Denise M. Werchan, NYU Langone Health
Cassandra L. Hendrix, NYU Langone Health
Jennifer C. Ablow, University of Oregon
Ananda B. Amstadter PhD, Virginia Commonwealth UniversityFollow
Autumn C. Austin, NYU Langone Health
Vanessa Babineau, Columbia University Irving Medical Center
G. Anne Bogat, Michigan State University
Leigh-Anne Cioffredi, University of Vermont
Elisabeth Conradt, University of Utah
Sheila E. Cromwell, University of Utah
Dani Dumitriu, Columbia University Irving Medical Center
William Fifer, Columbia University Irving Medical Center
Morgan R. Firestein, Columbia University Irving Medical Center
Wei Gao, Cedars-Sinai Medical Center
Ian H. Gotlib, Stanford University
Alice M. Graham, Oregon Health and Sciences University
Kimberly D. Gregory, Cedars-Sinai Medical Center
Hanna C. Gustafsson, Oregon Health and Sciences University
Kathryn L. Havens, University of Southern California
Brittany R. Howell, Virginia Polytechnic Institute and State University
Kathryn L. Humphreys, Vanderbilt University
Lucy S. King, Stanford University
Patricia Kinser, Virginia Commonwealth UniversityFollow
Elizabeth E. Krans, University of Pittsburgh
Carly Lenniger, NYU Langone Health
Alytia A. Levendosky, Michigan State University
Joseph S. Lonstein, Michigan State University
Rachel Marcus, Cedars-Sinai Medical Center
Catherine Monk, Columbia University Irving Medical Center
Sara W. Moyer, Virginia Commonwealth UniversityFollow
Maria Muzik, University of Michigan
Amy K. Nuttall, Michigan State University
Alexandra S. Potter, University of Vermont
Amy Salisbury, Virginia Commonwealth UniversityFollow
Lauren C. Shuffrey, Columbia University Irving Medical Center
Beth A. Smith, University of Southern California
Lynne Smith, The Lundquist Institute at Harbor-UCLA
Elinor L. Sullivan, Oregon Health and Sciences University
Judy Zhou, University of Southern California
Moriah E. Thomason, NYU Langone Health
Natalie H. Brito, New York University

Document Type


Original Publication Date


Journal/Book/Conference Title

Scientific Reports





DOI of Original Publication



Originally published at

Date of Submission

October 2023


The impact of COVID-19-related stress on perinatal women is of heightened public health concern given the established intergenerational impact of maternal stress-exposure on infants and fetuses. There is urgent need to characterize the coping styles associated with adverse psychosocial outcomes in perinatal women during the COVID-19 pandemic to help mitigate the potential for lasting sequelae on both mothers and infants. This study uses a data-driven approach to identify the patterns of behavioral coping strategies that associate with maternal psychosocial distress during the COVID-19 pandemic in a large multicenter sample of pregnant women (N = 2876) and postpartum women (N = 1536). Data was collected from 9 states across the United States from March to October 2020. Women reported behaviors they were engaging in to manage pandemic-related stress, symptoms of depression, anxiety and global psychological distress, as well as changes in energy levels, sleep quality and stress levels. Using latent profile analysis, we identified four behavioral phenotypes of coping strategies. Critically, phenotypes with high levels of passive coping strategies (increased screen time, social media, and intake of comfort foods) were associated with elevated symptoms of depression, anxiety, and global psychological distress, as well as worsening stress and energy levels, relative to other coping phenotypes. In contrast, phenotypes with high levels of active coping strategies (social support, and self-care) were associated with greater resiliency relative to other phenotypes. The identification of these widespread coping phenotypes reveals novel behavioral patterns associated with risk and resiliency to pandemic-related stress in perinatal women. These findings may contribute to early identification of women at risk for poor long-term outcomes and indicate malleable targets for interventions aimed at mitigating lasting sequelae on women and children during the COVID-19 pandemic.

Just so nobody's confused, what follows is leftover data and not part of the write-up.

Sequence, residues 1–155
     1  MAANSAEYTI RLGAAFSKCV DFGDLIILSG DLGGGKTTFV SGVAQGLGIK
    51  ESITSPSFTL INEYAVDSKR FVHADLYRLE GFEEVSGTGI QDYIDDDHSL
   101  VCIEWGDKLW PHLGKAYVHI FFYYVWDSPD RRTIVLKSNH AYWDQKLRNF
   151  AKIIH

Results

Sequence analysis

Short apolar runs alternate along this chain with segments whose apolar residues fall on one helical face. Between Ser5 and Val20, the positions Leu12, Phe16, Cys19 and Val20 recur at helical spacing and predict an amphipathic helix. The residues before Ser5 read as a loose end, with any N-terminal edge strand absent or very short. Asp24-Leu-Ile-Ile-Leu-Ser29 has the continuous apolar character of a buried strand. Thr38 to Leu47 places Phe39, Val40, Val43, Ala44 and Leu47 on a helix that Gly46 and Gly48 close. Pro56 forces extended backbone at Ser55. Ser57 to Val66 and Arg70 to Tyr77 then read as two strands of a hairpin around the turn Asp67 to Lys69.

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VCU Psychiatry Publications